With all the noise about Question 1 on the Maine state ballot earlier this week, I forgot to mention that voters also passed a law making Maine the fifth state to allow retail medical pot dispensaries.
The vote when 59 percent to 41 percent.
Supporters claim the Maine law will not turn the state into the “Wild West” as they say it has in Los Angles where there are an estimated 800 dispensaries, not all of which are selling their product to the ill as the California law is intended. Maine law enforcement officials, of course, say there was not enough in the way of oversight and controls in the referendum.
Maine Drug Enforcement Agency Director Roy McKinney told the Associated Press, in a story published yesterday in the Bangor Daily News, that the potential exists for a dispensary to become “nothing more than a storefront for the criminal activity of drug dealing, which is the experience in California.”
“If there isn’t sufficient oversight, inspection, audits, etc., the potential is there for criminal activity to flourish,” he said.
Ethan Nadelmann of the New York-based Drug Policy Alliance doubts Maine will have the same problems found in California. The Maine state government must license a dispensary, which California law does not require. And the Maine law narrowly defines the illnesses for which marijuana can be prescribed, while California doctors have broader latitude in recommending pot’s use.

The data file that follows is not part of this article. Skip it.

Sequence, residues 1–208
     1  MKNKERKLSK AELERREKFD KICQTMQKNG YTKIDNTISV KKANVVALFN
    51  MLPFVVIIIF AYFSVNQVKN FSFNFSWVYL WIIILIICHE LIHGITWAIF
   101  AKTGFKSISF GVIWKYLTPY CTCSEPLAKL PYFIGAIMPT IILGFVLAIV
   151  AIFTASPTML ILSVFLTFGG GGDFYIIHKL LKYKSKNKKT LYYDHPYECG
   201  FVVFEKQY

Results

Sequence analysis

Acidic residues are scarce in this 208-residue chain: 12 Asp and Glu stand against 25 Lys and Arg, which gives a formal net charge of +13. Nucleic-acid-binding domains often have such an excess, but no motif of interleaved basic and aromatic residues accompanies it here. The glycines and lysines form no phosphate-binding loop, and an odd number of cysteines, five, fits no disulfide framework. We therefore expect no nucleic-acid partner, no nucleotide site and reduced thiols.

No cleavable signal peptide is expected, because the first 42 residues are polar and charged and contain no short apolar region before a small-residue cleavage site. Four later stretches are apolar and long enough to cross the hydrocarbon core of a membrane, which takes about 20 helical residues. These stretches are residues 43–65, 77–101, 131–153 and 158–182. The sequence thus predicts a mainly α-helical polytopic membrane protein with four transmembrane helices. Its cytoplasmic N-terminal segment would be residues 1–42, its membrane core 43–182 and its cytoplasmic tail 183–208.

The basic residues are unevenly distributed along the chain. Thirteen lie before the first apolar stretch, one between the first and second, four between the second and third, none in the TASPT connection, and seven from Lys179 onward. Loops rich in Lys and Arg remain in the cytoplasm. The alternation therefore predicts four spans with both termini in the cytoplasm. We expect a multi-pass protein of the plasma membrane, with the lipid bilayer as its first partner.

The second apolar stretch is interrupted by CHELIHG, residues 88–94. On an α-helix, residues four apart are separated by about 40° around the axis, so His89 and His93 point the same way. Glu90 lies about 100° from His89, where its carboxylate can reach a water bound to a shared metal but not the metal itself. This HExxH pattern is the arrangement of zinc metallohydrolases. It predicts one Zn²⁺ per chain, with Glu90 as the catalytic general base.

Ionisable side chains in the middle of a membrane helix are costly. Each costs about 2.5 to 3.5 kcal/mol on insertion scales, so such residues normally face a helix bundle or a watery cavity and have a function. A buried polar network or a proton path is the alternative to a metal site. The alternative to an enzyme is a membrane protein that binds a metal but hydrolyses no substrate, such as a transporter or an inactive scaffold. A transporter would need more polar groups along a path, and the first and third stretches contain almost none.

“You aren’t going to see hundreds of dispensaries popping up all over Maine,” Nadelmann said. “You’re going to see a more regulated system.”
My experience is that law enforcement tends to overstate such pronouncements. My experience is that “advocates” also tend to overstate counter-pronouncements, so it is usually a tie.
Others said the dispensaries in Maine most likely pop up in the more liberal areas – such as Portland, Maine – than more conservative areas.
By the way, Colorado, New Mexico and Rhode Island are the other three states that allow for dispensaries.
Maine has allowed the use of medical marijuana since 1999, but did not provide for dispensaries. Patients suffering from the effects of cancer, AIDS and other really awful diseases could possess a couple of ounces of the drug and a half dozen plants.
I have written this before elsewhere, so it should not come as a surprise what my feelings are. If a family member was suffering from the ravages of cancer, AIDS, multiple sclerosis, whatever, I would do what I could to ease that suffering. And if pot was the answer, then pot is what they would get, whether there was a law to prevent it or not.
I was proud of Maine voters when they allowed the use of medical marijuana by seriously and terminally ill patients. Having dispensaries makes sense.